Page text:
Grammatical number agreement
June 6, 2020 7:28 AM   Subscribe

A draft of mine has been criticised for faulty agreement. The bit in question is: “He was no Condemned Soul. Those fellows could never have upset S’s life as he was about to do.”

The critique says that I can’t have singular Soul and plural fellows, so it ought to be something like:
“He was not one of the Condemned Souls. Those fellows...”

I can’t quite convince myself that this criticism is correct, but I can’t articulate what’s wrong about it, either. There’s a separate point about how pedantic we need to be anyway, but let’s assume we’re real sticklers here. Was I wrong?
posted by Segundus to Writing & Language (24 answers total)
 
I don’t believe you were wrong, and I’m as pedantic as the day is long.
posted by The Underpants Monster at 7:43 AM on June 6, 2020 [4 favorites]


Is what "fellows" refers to clear from the preceding sentences? I like the sound of "He was no Condemned Soul." I think it's probably fine but would need more context. As an example, I would find "He was no Condemned Soul. Those devils could never..." completely correct.
posted by wnissen at 7:45 AM on June 6, 2020 [2 favorites]


I'm not a grammarian, but assuming your critic thinks the draft should read:

"He was no Condemned Soul. That fellow could never..." not correct since you are not discussing a single Condemned Soul but rather collective Souls.

"He was not [one of the the] Condemned Souls. Those fellows could never...." makes the point, but loses the punchy directness of the first version.

I personally think the phrasing is a little awkward but I think it derives from the "...as he was about to do" section because it's not entirely clear who "he" refers to---is it a Condemned Soul? Is it S? but it might be clearer in the context of the greater narrative.
posted by The Elusive Architeuthis at 7:47 AM on June 6, 2020 [3 favorites]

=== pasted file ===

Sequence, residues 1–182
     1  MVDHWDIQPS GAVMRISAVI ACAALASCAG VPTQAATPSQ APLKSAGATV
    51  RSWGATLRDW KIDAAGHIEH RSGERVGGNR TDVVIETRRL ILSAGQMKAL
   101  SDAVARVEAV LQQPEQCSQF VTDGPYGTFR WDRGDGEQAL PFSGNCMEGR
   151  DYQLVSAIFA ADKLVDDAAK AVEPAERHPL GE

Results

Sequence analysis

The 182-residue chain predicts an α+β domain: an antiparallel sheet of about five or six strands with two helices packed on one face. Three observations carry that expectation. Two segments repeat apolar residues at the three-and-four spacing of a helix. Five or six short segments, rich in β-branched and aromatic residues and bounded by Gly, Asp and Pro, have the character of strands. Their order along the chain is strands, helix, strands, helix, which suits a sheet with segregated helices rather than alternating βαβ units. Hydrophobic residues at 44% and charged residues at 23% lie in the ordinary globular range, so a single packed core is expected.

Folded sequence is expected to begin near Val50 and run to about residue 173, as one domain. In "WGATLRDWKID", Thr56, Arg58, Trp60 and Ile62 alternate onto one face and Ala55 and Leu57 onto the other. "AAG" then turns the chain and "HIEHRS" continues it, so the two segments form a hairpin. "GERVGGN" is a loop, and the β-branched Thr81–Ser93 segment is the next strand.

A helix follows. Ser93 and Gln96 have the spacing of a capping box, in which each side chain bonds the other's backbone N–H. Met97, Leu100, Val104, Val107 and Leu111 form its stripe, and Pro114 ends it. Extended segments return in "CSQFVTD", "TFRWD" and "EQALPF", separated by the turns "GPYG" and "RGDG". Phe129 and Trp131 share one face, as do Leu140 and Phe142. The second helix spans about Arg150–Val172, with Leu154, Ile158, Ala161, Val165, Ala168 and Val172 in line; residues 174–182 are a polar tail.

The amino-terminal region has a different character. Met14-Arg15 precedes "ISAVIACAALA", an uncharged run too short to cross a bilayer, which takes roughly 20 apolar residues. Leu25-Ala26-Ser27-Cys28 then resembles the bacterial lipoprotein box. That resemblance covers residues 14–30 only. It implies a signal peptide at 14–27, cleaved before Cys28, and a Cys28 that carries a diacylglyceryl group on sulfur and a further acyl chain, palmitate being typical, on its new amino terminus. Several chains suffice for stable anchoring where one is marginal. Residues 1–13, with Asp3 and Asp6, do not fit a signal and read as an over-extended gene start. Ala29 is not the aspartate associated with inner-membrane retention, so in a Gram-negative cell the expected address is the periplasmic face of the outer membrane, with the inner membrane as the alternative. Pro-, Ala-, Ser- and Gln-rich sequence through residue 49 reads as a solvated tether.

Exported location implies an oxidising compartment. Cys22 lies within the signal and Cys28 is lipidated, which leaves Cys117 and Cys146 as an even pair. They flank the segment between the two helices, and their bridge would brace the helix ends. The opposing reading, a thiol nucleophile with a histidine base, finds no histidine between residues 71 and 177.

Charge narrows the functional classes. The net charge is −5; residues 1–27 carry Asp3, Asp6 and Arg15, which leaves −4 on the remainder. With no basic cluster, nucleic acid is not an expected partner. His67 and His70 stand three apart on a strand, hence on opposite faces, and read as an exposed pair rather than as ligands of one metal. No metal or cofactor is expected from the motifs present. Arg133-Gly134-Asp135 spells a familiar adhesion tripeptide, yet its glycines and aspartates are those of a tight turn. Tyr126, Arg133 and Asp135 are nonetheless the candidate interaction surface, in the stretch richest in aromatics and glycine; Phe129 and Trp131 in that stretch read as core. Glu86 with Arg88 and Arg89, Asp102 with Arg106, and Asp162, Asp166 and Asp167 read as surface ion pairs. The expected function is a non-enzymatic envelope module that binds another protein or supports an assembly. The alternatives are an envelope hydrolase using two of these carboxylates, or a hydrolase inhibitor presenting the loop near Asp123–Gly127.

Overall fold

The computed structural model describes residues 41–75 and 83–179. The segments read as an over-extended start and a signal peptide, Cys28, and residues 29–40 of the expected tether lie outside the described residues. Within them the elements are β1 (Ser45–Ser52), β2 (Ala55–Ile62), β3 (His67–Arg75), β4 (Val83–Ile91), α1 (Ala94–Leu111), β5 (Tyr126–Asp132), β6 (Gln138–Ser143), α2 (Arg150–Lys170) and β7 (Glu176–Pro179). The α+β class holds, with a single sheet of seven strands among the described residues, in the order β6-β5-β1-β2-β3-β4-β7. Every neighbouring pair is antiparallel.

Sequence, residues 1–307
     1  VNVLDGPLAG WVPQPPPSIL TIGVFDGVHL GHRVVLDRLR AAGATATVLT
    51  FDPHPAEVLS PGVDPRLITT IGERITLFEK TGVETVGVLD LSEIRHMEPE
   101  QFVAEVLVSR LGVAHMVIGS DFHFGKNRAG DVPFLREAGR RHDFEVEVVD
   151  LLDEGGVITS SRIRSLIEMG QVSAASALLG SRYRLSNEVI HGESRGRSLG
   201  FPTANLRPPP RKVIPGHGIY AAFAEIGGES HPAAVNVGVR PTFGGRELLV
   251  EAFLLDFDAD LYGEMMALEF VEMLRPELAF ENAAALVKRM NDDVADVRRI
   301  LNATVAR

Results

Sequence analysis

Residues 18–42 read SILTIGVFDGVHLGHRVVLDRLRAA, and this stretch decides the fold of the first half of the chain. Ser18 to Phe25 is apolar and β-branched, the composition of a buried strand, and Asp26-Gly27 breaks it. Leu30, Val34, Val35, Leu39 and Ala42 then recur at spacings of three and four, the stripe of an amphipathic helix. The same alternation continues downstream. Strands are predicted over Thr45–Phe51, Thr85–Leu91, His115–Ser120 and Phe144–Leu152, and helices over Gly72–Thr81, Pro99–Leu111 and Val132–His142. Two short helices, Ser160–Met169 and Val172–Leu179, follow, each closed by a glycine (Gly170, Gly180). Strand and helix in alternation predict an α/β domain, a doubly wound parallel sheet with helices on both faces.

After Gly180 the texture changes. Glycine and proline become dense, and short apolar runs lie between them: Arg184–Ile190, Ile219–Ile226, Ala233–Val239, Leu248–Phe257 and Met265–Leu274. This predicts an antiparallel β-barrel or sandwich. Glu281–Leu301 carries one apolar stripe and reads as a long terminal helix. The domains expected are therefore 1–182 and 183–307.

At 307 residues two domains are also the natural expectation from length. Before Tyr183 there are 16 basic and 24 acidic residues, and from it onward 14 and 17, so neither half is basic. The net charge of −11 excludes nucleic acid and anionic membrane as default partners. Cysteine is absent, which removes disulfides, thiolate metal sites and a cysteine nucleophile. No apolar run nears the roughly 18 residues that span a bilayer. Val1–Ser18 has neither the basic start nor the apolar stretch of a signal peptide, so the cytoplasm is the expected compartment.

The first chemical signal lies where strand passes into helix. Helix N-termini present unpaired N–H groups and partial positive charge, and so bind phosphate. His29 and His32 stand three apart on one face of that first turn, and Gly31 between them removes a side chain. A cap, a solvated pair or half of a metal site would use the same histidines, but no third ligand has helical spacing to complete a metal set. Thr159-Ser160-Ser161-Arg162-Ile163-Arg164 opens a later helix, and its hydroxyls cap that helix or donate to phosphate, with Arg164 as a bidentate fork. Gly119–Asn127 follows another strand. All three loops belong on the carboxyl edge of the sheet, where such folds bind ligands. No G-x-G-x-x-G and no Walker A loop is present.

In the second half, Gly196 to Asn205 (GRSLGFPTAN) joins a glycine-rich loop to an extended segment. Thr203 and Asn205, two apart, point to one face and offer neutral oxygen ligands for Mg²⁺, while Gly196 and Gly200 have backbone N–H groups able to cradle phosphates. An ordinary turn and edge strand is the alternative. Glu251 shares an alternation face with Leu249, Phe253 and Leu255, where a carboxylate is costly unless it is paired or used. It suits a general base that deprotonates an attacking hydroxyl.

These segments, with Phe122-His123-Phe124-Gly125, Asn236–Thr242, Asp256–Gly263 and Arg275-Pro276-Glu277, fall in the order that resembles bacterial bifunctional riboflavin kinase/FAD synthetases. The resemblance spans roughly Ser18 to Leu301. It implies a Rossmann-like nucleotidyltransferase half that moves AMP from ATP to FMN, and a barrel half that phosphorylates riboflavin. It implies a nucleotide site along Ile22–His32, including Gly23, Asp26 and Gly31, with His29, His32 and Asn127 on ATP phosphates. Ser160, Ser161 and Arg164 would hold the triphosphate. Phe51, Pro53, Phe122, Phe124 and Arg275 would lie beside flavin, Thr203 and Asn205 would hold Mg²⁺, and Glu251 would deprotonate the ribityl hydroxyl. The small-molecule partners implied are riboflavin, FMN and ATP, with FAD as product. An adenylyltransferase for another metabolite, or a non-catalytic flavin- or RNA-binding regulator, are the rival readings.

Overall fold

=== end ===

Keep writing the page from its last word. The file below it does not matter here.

Response by poster: Here’s a slightly longer extract.
M was alive, at any rate. He was no Condemned Soul. Those fellows could never have upset S’s life as he was about to do.
Is the simple fact of a clerk’s being alive so remarkable? Perhaps not, in the ordinary way...

posted by Segundus at 8:04 AM on June 6, 2020 [1 favorite]


Copy editor here. I don't think you're wrong; I'd keep it as is. We have more latitude when editing fiction because voice, tone, and authorial intentions have to be taken into consideration along with grammar. Super sticklers make terrible fiction editors.
posted by BlahLaLa at 8:04 AM on June 6, 2020 [7 favorites]


Best answer: The critique says that I can’t have singular Soul and plural fellows

Of course you can. The first sentence is about He; the second sentence makes reference to a group that the first sentence has just finished saying that He is not part of. There is no conflict between the singularity of He and the plurality of the group.

Assuming that context makes clear that the Condemned Souls are indeed an identifiable group, "He was no Condemned Soul" and "He was not one of the Condemned Souls" mean exactly the same thing, and the first form reads better.

Anybody in doubt on this point should mentally substitute "Hell's Angels" for "Condemned Souls" and re-read.
posted by flabdablet at 8:07 AM on June 6, 2020 [25 favorites]


Another professional copy editor. It’s correct as is, for the reason given by flabdablet.
posted by FencingGal at 8:11 AM on June 6, 2020 [3 favorites]


'Those fellows' lacks enough context to be a clear reference to what you intend, I think, and your copy editor's problem is that he has the same issue and he's trying to make numerical agreement work between the wrong things.

For me, the problem is that I'm not sure I would understand a soul to be referred to as a fellow - possibly because 'fellow' usually refers to a human in its entirety, and partly because there's a gender imbalance between 'fellow' (typically male) and 'soul' (nonspecific). 'He' seems more like a 'fellow' for both reasons.
posted by How much is that froggie in the window at 8:29 AM on June 6, 2020 [2 favorites]


You're not wrong, but is there a stronger descriptive noun/adjective-noun combination you could use in place of "fellows"?